Our laboratory's major focus is on the development of novel methods to treat brain injury, particularly the type that leads to epilepsy. We work to identify biological targets which can stop or prevent seizures if manipulated by either brain stimulation or by novel drugs that we are testing in our lab.
We have adapted methods for transcranial magnetic stimulation (TMS) and transcranial direct current stimulation (tDCS) to rodents, and to in-vitro rodent and human brain slice preparations. TMS and tDCS have in common the capacity to safely induce durable changes in neuronal activity. Limited experience with human patients, including those treated at Boston Children’s Hospital, shows that TMS and tDCS have realistic prospects in suppressing seizures. Yet whether these techniques can prevent the onset of epilepsy after various forms of brain injury has not been tested. To characterize the cellular and molecular mechanisms by which TMS and tDCS exert their effect, and ultimately to optimize their clinical efficacy, we are testing these techniques in rodent epilepsy models, including models of traumatic brain injury (TBI). To determine how best to match the cellular and molecular changes induced by noninvasive brain stimulation to those of brain injury and epilepsy, we are also studying the pathological changes associated with TBI in rats. A second major focus has grown out of this work: testing novel pharmaceutical approaches to prevent brain injury and seizures after TBI, where protocols for noninvasive brain stimulation provide opportunities to identify biomarkers that facilitate drug development. In parallel to our laboratory experiments, we have numerous ongoing clinical projects aimed at further developing techniques for noninvasive brain stimulation, particularly TMS and tDCS, as diagnostic and therapeutic tools in child neurology.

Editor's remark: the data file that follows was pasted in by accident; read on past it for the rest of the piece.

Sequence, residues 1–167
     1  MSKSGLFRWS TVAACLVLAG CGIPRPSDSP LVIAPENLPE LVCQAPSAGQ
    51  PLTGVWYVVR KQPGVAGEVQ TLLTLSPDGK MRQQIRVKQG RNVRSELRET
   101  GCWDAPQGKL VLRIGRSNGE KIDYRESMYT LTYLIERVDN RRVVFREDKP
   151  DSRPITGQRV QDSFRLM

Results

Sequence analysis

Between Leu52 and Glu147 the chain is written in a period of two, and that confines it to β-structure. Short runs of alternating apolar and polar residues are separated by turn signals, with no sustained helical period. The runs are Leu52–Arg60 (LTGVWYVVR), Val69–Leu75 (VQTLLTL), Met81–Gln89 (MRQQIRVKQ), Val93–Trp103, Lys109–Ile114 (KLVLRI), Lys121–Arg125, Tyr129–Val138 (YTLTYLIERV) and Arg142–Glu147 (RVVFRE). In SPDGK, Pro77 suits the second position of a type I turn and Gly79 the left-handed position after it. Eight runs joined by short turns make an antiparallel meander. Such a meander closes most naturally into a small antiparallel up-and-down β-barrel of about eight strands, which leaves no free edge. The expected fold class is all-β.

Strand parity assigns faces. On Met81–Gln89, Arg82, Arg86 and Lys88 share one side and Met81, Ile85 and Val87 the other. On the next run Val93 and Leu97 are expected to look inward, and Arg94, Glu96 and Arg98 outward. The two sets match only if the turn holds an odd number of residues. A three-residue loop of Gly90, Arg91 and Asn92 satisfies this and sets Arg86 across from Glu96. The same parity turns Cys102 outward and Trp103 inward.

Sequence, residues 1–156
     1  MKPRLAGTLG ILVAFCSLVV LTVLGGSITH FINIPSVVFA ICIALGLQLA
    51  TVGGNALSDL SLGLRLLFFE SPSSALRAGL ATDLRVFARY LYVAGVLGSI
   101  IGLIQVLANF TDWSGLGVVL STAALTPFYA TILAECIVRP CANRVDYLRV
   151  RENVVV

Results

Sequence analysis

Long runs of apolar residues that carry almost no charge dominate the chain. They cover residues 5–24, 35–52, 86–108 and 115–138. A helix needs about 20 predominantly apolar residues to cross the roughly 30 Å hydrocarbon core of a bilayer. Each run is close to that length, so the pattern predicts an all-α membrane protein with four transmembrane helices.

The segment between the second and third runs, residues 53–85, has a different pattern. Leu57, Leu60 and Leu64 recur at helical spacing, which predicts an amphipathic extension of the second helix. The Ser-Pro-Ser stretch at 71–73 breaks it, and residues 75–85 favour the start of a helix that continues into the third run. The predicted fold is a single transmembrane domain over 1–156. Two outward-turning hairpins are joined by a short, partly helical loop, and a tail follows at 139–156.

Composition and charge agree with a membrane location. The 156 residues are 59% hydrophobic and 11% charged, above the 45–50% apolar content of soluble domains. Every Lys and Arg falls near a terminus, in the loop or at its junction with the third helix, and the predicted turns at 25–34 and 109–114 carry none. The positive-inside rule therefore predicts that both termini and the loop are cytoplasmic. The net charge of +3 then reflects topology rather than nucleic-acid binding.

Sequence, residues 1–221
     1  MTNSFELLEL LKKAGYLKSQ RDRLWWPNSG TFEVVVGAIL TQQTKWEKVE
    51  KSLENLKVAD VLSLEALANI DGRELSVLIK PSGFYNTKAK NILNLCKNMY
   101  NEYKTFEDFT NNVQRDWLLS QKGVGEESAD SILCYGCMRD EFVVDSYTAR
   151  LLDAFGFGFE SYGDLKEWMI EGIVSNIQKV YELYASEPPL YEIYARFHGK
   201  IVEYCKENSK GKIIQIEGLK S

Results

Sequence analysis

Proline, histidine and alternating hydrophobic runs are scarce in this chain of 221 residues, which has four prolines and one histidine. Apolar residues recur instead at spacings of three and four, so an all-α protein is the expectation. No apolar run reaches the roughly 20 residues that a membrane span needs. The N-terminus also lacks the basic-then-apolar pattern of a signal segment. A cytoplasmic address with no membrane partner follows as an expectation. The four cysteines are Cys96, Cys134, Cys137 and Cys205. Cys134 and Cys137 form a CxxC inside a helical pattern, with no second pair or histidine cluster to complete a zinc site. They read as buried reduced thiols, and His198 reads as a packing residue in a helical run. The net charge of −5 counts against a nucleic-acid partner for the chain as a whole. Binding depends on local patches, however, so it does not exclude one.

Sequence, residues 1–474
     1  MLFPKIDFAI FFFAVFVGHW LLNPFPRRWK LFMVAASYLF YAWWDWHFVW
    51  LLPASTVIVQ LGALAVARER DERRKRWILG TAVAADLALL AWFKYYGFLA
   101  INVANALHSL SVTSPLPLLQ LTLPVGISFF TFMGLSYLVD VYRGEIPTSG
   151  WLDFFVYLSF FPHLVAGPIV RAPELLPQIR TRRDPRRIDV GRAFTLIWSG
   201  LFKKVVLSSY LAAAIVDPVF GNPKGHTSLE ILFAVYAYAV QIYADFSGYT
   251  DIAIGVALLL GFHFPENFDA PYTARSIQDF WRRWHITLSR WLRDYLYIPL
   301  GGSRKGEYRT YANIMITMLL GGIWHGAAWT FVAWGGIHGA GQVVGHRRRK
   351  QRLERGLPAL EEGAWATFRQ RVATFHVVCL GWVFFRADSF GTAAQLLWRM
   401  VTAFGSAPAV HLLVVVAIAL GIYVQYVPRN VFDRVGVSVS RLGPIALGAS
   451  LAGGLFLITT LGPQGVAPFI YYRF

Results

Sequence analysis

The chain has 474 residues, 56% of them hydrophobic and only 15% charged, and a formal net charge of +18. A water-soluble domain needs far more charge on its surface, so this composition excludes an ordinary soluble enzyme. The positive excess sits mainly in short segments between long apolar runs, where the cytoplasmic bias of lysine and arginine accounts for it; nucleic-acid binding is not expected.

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Boston, MA 02215 02215